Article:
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Camp helps children of fallen service members cope with grief

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Good Grief Camp is designed to give the kids a positive outlet to deal with their grief. Good Grief Camp is designed to give the kids a positive outlet to deal with their grief.
FAYETTEVILLE, N.C. -

Thirty children who lost loved ones in the military are enjoying a special summer camp just outside Fayetteville this week.

The camp is called Good Grief Camp because it is designed to give the kids a positive outlet to deal with their grief. It is mostly about fun activities that get the kids interacting with each other -- just like other summer camps.

"[There is] kayaking, canoeing, the water slide. They have go carts," commented Zack Schade, a 16-year-old from Spring Lake who lost his father in war five years ago. "It's a fun way, an entertaining way for us to grieve."

The camp is organized by the Tragedy Assistance Program for Survivors organization, which is based in Washington, D.C. Good Grief camps are organized in regions throughout the country, usually near military bases.

The Fayetteville area camp is being hosted by Camp Dixie off N.C. Highway 87 in Bladen County. Twenty-six of the children come from North Carolina, two are from South Carolina and two are from Virginia.

“Kids first and foremost are kids at summer camp," explained Camp Director Tina Barrett.

That fun allows opportunities for the children to open up to each other. Schade said that social aspect has made a big difference for him. Good Grief Camp helped him more than some traditional counseling.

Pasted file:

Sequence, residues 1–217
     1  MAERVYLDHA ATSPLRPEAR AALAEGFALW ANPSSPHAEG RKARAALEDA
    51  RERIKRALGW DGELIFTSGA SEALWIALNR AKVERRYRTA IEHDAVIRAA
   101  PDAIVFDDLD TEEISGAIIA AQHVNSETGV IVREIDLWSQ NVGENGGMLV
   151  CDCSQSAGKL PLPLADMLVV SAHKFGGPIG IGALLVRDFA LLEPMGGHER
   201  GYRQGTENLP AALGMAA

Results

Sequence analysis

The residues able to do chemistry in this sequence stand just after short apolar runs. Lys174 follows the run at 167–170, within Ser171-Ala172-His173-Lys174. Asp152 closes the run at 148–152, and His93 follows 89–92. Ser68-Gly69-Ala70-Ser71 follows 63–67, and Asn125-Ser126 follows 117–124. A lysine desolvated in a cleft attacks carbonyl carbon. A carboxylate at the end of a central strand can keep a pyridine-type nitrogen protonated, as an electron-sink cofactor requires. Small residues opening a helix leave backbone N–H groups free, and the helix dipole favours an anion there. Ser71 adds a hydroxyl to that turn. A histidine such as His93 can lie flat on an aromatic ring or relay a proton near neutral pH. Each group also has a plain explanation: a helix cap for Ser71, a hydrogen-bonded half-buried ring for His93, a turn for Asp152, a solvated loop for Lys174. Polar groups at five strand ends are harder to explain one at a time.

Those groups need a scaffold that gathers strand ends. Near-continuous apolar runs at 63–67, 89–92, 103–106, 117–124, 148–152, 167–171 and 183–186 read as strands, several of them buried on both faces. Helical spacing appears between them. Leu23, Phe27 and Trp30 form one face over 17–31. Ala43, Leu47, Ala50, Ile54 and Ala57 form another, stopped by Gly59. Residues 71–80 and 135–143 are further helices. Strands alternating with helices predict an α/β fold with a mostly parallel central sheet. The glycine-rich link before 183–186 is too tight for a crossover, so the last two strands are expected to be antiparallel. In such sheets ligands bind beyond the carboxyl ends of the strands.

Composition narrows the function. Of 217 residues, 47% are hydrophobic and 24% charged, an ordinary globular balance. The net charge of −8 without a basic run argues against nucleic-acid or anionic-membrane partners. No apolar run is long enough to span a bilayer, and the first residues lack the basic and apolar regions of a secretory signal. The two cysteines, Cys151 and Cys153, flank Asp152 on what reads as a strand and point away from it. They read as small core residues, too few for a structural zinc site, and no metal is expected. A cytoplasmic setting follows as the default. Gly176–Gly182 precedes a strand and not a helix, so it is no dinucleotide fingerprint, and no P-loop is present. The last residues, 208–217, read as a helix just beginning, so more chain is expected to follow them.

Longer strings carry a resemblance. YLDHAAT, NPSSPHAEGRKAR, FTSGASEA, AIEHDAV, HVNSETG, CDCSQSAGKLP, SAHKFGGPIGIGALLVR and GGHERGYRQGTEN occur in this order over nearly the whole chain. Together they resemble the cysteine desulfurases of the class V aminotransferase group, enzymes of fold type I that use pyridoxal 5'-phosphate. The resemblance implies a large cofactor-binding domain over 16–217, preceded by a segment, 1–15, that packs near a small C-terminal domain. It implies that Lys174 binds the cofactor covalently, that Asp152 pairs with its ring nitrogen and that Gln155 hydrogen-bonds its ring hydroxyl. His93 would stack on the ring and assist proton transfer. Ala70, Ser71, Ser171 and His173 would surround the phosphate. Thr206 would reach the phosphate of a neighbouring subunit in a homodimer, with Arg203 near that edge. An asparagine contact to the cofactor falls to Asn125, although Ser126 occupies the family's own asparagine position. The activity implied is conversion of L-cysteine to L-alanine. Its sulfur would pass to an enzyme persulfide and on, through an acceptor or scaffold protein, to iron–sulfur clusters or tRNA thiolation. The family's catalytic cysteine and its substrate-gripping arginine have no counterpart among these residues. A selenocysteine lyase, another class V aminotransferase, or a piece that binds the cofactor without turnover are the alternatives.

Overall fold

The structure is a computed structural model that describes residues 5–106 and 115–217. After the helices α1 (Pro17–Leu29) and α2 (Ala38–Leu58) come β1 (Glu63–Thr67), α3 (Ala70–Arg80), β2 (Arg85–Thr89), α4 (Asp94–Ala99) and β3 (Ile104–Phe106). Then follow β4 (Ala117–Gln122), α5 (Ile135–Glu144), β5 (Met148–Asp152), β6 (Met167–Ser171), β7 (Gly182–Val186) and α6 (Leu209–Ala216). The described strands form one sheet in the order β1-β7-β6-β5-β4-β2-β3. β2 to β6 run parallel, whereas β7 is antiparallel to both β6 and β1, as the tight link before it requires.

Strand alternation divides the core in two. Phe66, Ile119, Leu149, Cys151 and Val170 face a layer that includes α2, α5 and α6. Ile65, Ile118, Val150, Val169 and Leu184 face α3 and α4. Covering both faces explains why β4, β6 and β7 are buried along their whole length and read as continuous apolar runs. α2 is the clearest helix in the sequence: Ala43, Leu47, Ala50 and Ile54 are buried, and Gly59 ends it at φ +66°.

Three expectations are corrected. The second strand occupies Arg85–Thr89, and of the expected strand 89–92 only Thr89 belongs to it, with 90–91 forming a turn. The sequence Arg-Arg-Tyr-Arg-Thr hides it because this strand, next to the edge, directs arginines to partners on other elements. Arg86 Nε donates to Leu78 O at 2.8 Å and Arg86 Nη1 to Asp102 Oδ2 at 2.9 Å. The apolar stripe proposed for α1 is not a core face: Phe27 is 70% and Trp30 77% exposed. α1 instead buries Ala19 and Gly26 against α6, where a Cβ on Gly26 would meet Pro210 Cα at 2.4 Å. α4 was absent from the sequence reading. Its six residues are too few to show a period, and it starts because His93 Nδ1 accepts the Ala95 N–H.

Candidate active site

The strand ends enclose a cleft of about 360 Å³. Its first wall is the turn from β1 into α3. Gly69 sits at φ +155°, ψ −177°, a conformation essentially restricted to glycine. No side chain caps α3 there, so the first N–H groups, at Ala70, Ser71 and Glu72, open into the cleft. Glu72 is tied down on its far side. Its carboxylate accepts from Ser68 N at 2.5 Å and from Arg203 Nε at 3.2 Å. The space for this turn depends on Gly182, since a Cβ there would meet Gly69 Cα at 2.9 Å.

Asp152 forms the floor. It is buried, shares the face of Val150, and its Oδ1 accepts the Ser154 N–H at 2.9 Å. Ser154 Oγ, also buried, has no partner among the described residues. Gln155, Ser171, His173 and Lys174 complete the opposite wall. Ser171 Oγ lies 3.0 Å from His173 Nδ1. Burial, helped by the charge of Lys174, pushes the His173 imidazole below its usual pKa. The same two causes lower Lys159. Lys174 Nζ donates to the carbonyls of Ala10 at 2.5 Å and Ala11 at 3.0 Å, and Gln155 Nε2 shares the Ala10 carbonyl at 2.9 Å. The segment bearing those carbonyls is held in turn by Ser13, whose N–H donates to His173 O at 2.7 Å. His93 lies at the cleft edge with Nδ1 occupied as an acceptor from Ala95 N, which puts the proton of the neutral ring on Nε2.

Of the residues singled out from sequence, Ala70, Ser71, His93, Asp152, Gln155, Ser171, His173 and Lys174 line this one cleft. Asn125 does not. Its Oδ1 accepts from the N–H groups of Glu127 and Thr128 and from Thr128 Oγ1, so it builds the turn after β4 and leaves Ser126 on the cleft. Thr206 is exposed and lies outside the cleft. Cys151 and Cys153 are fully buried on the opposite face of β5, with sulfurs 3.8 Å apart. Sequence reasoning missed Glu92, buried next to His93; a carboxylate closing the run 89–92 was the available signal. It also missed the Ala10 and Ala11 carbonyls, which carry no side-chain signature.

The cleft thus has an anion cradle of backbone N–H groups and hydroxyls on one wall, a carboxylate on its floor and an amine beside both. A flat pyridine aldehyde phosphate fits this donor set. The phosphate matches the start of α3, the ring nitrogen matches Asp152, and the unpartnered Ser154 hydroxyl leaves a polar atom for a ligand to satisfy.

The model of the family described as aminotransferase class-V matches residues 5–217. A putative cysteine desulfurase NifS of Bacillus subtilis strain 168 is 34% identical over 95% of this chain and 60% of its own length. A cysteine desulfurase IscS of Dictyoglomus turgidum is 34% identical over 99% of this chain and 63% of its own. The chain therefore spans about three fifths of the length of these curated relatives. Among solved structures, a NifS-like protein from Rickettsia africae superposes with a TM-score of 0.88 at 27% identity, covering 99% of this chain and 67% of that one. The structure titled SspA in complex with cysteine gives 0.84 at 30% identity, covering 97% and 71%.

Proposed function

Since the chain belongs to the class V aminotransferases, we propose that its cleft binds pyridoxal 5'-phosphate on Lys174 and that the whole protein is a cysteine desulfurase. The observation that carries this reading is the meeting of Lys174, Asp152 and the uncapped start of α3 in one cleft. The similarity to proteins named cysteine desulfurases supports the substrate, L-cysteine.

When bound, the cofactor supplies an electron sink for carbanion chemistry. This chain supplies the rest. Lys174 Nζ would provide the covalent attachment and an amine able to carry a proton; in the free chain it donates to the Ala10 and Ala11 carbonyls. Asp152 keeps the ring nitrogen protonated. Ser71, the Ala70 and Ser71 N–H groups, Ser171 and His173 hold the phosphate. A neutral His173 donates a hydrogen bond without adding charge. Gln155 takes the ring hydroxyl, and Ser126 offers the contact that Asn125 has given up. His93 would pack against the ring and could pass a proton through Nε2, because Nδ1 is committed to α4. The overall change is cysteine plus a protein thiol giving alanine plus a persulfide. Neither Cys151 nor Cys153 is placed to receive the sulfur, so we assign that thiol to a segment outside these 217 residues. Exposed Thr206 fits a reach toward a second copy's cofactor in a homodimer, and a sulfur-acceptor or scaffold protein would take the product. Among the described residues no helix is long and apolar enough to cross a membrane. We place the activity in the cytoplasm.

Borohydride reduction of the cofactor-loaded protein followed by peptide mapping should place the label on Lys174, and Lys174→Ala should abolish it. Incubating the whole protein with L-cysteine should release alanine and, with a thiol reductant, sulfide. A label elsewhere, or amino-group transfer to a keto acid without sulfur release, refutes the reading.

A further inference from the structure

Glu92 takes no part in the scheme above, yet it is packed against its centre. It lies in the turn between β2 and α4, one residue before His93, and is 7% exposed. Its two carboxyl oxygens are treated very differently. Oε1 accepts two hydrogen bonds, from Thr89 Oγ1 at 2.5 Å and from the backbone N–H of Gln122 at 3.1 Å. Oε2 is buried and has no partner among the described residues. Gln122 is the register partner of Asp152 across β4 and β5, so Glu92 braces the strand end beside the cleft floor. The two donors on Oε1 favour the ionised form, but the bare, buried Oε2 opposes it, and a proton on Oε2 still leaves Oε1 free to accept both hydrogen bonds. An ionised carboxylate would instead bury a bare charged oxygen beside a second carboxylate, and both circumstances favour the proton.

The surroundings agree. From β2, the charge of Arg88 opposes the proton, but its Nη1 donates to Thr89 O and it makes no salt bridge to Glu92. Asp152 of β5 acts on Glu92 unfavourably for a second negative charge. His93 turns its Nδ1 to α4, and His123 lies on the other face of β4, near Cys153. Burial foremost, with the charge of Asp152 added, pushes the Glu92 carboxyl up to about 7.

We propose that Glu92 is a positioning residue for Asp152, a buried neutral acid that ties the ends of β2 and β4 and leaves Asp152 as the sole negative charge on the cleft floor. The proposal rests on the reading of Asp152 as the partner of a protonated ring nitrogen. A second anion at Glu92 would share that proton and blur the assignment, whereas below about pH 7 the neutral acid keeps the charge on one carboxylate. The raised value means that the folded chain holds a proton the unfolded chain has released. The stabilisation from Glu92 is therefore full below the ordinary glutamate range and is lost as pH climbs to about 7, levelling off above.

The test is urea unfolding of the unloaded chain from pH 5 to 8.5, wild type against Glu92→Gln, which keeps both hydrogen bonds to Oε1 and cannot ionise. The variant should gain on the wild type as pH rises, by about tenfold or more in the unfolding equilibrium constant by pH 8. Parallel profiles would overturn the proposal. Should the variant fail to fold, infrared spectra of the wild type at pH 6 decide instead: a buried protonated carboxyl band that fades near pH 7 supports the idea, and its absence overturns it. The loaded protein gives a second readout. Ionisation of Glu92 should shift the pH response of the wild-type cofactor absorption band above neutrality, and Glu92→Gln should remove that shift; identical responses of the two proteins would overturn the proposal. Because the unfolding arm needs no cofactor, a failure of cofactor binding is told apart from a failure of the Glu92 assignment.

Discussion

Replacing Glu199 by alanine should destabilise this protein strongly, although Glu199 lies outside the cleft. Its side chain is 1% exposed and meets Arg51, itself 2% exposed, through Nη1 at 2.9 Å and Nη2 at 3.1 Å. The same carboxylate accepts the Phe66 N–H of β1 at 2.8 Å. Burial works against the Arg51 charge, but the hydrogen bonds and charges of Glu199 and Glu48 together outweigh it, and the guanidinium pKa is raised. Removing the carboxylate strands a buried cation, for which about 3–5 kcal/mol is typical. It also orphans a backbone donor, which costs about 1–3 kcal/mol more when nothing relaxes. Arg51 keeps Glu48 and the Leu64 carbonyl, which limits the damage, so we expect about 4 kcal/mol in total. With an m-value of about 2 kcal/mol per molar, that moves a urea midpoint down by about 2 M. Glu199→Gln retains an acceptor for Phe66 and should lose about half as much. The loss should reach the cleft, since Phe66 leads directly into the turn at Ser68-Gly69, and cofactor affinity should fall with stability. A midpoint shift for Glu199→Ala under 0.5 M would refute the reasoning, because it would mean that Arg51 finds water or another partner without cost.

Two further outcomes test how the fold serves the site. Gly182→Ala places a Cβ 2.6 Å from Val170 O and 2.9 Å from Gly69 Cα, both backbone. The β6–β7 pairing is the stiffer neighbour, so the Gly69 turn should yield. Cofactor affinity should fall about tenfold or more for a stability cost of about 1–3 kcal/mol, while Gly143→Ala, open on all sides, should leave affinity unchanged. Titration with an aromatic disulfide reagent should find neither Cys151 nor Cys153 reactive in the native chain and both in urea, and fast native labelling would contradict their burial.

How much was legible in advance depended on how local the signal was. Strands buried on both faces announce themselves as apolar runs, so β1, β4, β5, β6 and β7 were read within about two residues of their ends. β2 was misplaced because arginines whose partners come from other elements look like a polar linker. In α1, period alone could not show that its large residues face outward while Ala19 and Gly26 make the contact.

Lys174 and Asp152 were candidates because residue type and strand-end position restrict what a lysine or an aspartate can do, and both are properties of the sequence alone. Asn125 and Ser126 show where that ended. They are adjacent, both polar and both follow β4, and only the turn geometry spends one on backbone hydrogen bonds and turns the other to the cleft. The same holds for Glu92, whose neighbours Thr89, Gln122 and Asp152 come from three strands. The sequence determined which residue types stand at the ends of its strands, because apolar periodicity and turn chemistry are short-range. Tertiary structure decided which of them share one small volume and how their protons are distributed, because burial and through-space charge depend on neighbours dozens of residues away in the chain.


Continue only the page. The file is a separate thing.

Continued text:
"I had some serious anger issues. I've been through counselors, family counselors. As soon as I started participating with TAPS, it's just opened up,” he explained. “I see myself as a better person now."

While there certainly is a lot of fun at the camp, there is time set aside specifically for the kids to reflect and talk about their loss.

"We don't choose to grieve, but the ways we deal with it can be far more healthy than others, and the grief camps strive to offer constructive ways to integrate loss into our lives," explained Barrett. "They have a chance to learn adaptive strategies, [for example] creative ways to honor their loss, to talk about their loss through stories, to symbolically engage in rituals whether spontaneously or with large gatherings of others at candle lighting ceremonies."

Angelia Morales has also received a lift from Camp Good Grief.

"For people who feel alone, like they're the only one who knows what they're going through: you're not alone and there are other people like you," Morales said. "

Schade echoed that thought. He agree that having others around who truly understand his situation improved how he dealt with grief.

"You come here, you know everyone is just like you," Schade said. "You know they know how you feel."

Camp Good Grief also teaches coping skills that the kids can take with them when they leave.

Copyright 2014 WNCN. All rights reserved.

Brandon Herring

Brandon is a North Carolina native and UNC alum who lives in Fayetteville, and covers Cumberland County and the Sandhills. Returning to North Carolina to work as a journalist is a dream come true for Brandon. More>>

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